Current Thoughts: Adichie is said to be the best African writer since Chinua Achebe put the continent on the map of literary wonder. I can’t say whether or not this is true – I’ve done way less African reading than I would love to – but I can say that Adichie tells one hell of a story. This story made me hate certain characters, made me love certain characters, and ultimately frustrated me because it teaches a wonderful lesson that I just feel will never be learned by so many of the people who need to learn it most. I also appreciated the way that Adichie made the world of Nigeria come alive, especially the University system, which is full of the desire to learn and yet still so lacking in the tools and people that would make everything so much easier. I’ve put Adichie on my list for the African Diaspora reading challenge, and I can’t wait to get started on more of her wonderful work!
6.) The Reader by Bernhard Schlink
Previous Review: “This is the story of Michael and Hanna. Michael is a young German boy who meets and begins to conduct a passionate love affair with Hanna, a woman almost twenty years his senior. The two fall in love until one day Hanna leaves. Years later, when Michael is a law student covering the trial of female guards responsible for inmate death Auschwitz, Michael sees Hanna again, this time behind the defendant’s bench. Hanna is found guilty and spends years in prison. While she is there, Michael comes to the realization that Hanna is illiterate and this is why she enjoyed their old ritual of him reading to her. He begins to read to her on tape, sending her the cassettes and one day Michael recieves a letter from Hanna. She has learned to read and write, thanks to the help of his tapes, and she is facing release from prison soon. The events that follow, which I won’t spoil here because of how beautiful they are, make the last 50 pages of the book some of the most impactful.”
Current Thoughts: Having watched the movie shortly after reviewing this book for the first time, I will say that the book is far superior (as is usually the case!) to the film, although both did a good job of translating one of the things I loved most about this book: the power of one moment, one secret, to transform the lives of two people beyond belief. And although I remember the courtroom scenes, where Michael observes the Nazi guards put on trial, to be a little long-winded, and though I remember caring less about Michael as an adult than as a teenager, the fact that this woman was invariably saved by reading is a message that manages to not get lost amongst the much larger dramas also going on during the novel – the Holocaust makes a lofty background against which to set any story!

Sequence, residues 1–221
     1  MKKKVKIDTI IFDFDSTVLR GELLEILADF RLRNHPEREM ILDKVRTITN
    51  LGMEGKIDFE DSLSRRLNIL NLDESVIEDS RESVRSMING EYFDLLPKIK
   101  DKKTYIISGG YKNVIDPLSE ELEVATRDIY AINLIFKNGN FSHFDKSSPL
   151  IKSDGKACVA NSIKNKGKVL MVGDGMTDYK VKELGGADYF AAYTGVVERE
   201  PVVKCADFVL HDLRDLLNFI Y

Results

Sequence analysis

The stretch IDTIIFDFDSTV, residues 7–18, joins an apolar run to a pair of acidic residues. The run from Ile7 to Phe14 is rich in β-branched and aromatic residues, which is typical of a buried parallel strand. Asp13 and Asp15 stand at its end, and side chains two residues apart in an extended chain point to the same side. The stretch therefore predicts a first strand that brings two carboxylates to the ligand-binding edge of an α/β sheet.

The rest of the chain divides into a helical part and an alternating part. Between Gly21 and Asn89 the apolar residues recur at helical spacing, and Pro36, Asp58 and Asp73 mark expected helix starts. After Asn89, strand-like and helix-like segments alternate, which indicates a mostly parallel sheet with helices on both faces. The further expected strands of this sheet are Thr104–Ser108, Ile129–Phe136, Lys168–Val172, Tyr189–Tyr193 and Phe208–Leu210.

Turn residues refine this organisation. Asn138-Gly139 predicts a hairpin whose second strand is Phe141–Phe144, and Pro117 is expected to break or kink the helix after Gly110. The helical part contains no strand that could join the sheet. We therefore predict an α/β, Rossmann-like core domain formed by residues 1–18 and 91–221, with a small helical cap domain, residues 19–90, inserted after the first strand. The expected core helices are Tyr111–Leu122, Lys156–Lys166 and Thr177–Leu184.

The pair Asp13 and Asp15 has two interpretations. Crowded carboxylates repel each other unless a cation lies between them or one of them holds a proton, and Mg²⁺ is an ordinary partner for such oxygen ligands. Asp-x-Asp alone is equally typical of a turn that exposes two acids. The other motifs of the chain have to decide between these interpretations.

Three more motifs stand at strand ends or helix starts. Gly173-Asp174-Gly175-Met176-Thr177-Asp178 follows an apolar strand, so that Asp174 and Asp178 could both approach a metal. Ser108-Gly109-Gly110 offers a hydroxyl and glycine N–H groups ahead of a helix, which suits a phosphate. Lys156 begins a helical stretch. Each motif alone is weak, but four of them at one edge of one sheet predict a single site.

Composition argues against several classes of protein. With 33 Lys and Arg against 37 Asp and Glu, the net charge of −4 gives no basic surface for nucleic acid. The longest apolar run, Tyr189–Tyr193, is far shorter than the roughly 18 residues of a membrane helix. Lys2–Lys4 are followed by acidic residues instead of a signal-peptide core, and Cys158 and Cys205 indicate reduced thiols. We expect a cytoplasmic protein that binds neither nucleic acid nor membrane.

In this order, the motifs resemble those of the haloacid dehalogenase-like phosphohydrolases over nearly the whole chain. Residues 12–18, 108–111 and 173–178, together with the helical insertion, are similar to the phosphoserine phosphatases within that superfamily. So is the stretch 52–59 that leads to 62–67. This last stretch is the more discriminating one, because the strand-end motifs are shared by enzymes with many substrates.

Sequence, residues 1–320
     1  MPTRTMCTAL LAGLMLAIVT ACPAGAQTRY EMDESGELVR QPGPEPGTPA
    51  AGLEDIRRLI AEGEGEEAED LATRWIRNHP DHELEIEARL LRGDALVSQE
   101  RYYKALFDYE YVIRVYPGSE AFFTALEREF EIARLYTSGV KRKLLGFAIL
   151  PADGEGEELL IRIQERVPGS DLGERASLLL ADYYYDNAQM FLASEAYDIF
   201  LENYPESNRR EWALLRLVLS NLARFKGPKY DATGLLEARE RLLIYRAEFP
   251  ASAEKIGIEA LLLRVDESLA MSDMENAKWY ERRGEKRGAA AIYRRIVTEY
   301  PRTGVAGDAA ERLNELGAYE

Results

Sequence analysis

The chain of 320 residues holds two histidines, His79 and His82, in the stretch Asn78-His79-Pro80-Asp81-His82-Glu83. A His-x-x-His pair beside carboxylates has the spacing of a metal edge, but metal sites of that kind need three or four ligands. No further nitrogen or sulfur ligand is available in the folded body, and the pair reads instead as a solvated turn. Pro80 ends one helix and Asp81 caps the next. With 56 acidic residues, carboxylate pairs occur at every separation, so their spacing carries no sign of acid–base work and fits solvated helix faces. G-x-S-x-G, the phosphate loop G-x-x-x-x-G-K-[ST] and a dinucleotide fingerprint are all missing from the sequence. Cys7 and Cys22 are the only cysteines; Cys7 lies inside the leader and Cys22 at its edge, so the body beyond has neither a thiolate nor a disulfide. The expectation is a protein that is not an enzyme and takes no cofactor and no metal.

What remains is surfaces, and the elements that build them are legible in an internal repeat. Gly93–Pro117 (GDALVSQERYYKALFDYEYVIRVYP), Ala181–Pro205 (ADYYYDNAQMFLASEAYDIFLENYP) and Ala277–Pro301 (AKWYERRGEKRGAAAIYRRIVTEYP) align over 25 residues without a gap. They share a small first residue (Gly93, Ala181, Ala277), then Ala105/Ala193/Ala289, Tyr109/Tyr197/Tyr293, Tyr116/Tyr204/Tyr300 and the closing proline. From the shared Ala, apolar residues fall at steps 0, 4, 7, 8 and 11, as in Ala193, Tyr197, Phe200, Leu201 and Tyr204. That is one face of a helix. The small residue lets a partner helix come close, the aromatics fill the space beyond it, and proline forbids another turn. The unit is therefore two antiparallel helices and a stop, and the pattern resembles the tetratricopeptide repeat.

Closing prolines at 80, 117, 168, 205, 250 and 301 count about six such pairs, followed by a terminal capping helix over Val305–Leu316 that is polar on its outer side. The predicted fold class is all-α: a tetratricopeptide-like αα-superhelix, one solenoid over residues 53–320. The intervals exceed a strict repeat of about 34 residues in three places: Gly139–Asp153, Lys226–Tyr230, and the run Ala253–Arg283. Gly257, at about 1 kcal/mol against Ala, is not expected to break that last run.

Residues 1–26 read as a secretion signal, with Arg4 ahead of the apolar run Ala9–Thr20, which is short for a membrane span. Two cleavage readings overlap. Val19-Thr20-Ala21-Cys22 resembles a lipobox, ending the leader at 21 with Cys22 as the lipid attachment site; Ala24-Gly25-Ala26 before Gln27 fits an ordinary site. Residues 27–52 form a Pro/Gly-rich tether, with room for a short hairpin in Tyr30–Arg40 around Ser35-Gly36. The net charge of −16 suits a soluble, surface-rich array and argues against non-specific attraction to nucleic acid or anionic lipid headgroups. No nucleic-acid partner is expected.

7.) The Unbearable Lightness of Being by Milan Kundera
Previous Review: “The Unbearable Lightness of Being is a book that is entirely based in opposition to Nietzsche’s theory that all events in life have already occurred, and will continue to occur for all time. Although the theoretical side is a little bit to encapsulate, I found a pretty good description from Wikipedia (I really HATE copying and pasting from other sites, but in this case I think it’s the most succinct method of summation): “The German expression Einmal ist keinmal encapsulates “lightness” so: “what happens but once, might as well not have happened at all. If we have only one life to live, we might as well not have lived at all”; if concluded logically, life ultimately is insignificant. Hence, because decisions do not matter, they are rendered light, because they do not cause personal suffering. Yet, simultaneously, the insignificance of decisions — our being — causes us great suffering, perceived as the unbearable lightness of being consequent to one’s awareness of life occurring once and never again.” This principle is explored through four central characters in the book, three of whom are somewhat entertwined. Tomas is a successful surgeon who, although in love with Tereza, can’t stop his philandering ways, especially with his mistress Sabina. Eventually Tomas makes the choice to settle down with Tereza, leaving Sabina free to move from Prague (where the book is set during the Communist period, spanning from 1968 to 1984, roughly) to Zurich and eventually to America. Along the way, she takes another lover, Franz. Tomas and Tereza remain largely in Prague, where Tomas loses his ability to practice medicine due to “communist sympathies”. While the plot of the book isn’t necessarily the most quick-moving (in all honesty, not a whole lot of stuff really happens, plot wise – a lot of moving about and lamenting about lost possibilities, but not necessarily a lot of action) the book fulfills its main purpose, which is to pose an alternative philosophical stance.”
Current Thoughts: I’m still thinking through this one. It was THAT good. And takes THAT much thought!
8.) Revolutionary Road by Richard Yates